MacBook Pro 14 (M1 Pro) is found to have an anti-repair design
The YouTuber Hugh Jeffreys has set out to test reports of MacBooks Pro that exhibit sudden deficiencies in some fairly essential functionality following a non-Apple-approved screen replacement, in the manner of some iPhones over the last few years. The vlogger followed the channel's usual protocol for doing so: source 2 identical units of the same product, swap their screens and/or motherboards and see what breaks.
In the case of this latest video, the hardware to be assessed were dual M1 Pro-, 16GB RAM- and 1TB SSD-equipped MacBooks Pro 14, which can run a buyer thousands of dollars in Jeffreys' native Australia.
Following a disassembly stage (that involved the removal of 45 screws, compared to 9 in a Framework PC), the vlogger switched the 2 laptops' screens, which resulted in the abrupt appearance of LED backlight defects in 1 of the units.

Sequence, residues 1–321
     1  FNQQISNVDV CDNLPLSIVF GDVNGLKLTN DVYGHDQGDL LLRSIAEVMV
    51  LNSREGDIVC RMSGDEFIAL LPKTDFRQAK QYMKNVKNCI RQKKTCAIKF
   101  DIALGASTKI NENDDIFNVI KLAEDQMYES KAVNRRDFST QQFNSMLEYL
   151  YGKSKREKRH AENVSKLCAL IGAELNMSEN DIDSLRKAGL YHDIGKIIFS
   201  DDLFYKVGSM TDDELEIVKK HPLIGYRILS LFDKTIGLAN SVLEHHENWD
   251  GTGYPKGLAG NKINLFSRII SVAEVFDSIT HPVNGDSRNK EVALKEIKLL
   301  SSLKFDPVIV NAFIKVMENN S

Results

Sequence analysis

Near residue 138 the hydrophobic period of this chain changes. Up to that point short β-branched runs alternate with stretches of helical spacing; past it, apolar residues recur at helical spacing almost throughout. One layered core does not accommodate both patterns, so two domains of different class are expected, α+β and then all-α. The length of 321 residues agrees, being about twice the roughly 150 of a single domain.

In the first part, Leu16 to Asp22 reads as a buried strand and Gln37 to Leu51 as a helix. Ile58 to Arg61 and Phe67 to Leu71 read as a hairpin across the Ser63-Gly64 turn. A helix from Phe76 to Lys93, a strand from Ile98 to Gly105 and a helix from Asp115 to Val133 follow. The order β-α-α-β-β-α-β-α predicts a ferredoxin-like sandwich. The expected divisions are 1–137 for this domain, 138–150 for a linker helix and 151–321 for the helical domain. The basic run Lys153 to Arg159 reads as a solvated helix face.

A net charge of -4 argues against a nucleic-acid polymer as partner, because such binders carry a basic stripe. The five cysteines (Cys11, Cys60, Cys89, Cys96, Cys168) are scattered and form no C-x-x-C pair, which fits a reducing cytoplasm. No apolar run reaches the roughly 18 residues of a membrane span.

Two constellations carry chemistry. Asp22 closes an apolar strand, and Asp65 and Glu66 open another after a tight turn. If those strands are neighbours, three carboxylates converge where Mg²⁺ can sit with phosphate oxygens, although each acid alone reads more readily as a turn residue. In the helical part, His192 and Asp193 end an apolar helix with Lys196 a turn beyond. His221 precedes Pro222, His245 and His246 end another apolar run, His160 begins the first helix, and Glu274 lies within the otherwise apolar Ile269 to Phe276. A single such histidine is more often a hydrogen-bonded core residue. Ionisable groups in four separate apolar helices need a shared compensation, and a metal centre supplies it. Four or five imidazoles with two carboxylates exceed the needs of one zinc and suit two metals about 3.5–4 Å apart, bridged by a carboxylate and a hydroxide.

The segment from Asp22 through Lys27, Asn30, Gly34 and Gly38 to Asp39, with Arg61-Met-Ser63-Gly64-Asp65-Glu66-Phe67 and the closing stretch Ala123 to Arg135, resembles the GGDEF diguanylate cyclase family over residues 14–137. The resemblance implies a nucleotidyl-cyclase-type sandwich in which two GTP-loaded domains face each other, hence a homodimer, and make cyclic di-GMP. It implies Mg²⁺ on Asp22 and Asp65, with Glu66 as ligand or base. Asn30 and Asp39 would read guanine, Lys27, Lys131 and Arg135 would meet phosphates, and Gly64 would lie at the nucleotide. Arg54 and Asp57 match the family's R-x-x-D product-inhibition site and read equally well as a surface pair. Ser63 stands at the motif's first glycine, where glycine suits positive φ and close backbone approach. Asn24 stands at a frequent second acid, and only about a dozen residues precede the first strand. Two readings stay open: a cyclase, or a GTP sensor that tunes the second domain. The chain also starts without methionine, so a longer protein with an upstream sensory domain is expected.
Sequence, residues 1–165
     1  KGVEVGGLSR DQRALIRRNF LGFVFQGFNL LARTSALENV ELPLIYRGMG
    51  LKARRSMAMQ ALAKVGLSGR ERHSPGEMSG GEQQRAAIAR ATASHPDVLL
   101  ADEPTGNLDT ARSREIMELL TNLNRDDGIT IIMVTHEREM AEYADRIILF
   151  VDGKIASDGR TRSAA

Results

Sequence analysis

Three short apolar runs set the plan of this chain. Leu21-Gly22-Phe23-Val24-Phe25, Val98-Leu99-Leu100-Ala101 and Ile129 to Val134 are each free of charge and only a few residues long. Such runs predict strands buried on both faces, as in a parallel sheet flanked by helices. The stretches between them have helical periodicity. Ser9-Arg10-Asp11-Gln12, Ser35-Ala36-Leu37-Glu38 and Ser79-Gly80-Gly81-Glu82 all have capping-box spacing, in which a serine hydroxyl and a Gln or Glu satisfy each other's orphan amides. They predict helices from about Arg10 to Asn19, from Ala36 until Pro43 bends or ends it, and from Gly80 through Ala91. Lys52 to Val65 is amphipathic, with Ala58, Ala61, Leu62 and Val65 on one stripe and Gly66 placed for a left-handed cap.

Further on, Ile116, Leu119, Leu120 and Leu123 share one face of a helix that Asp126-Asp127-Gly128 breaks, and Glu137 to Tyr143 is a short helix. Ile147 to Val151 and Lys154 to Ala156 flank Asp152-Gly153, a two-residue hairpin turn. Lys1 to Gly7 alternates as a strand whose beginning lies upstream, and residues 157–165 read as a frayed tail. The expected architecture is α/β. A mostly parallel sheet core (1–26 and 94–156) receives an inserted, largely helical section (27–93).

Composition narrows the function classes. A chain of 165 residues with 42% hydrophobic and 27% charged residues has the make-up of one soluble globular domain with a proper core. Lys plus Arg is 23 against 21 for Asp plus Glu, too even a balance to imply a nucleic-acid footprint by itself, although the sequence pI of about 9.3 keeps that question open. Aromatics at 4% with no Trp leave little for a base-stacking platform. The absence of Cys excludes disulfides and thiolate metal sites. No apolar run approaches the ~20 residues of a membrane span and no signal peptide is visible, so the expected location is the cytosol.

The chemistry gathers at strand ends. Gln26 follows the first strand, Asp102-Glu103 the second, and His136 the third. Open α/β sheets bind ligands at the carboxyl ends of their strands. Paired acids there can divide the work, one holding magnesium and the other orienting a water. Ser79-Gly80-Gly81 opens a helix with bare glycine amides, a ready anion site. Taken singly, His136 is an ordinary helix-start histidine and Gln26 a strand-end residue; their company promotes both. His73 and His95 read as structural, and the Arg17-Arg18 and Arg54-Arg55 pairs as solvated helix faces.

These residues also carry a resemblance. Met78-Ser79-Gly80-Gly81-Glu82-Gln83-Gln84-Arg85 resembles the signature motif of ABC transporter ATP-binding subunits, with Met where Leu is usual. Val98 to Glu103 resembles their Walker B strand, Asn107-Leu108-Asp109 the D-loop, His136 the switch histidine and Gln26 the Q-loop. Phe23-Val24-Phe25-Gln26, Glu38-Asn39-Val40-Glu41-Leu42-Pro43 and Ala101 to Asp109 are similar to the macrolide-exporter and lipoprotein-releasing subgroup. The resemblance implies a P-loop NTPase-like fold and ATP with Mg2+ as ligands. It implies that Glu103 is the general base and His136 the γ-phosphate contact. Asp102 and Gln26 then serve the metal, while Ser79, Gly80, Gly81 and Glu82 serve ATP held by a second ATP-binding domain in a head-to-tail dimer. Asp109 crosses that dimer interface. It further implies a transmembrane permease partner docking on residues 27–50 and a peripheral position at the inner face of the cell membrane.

Given the regular shapes of the darkened patches next to the MacBook's notorious notch, one might assume that they had arisen due to a faulty display connector, or the failure to pop one or more back in correctly.
However, given that the second laptop had the exact same issues following a simulated display replacement, it might be that Apple is indeed pairing each original MacBook Pro 14 display to its motherboard so as to dissuade third-party repair.
Jeffreys also found that swapping a small magnetic lid-angle Hall sensor resulted in significant discrepancies in the MacBook's trackpad, keyboard and sleep responses.
Therefore, it seems Apple is indeed discouraging independent repair right from the first generation of M-series MacBook Pros. Then again, the YouTuber did disclose that the laptops in question came from a supplier of refurbished Apple products in the UK, and not from Apple directly.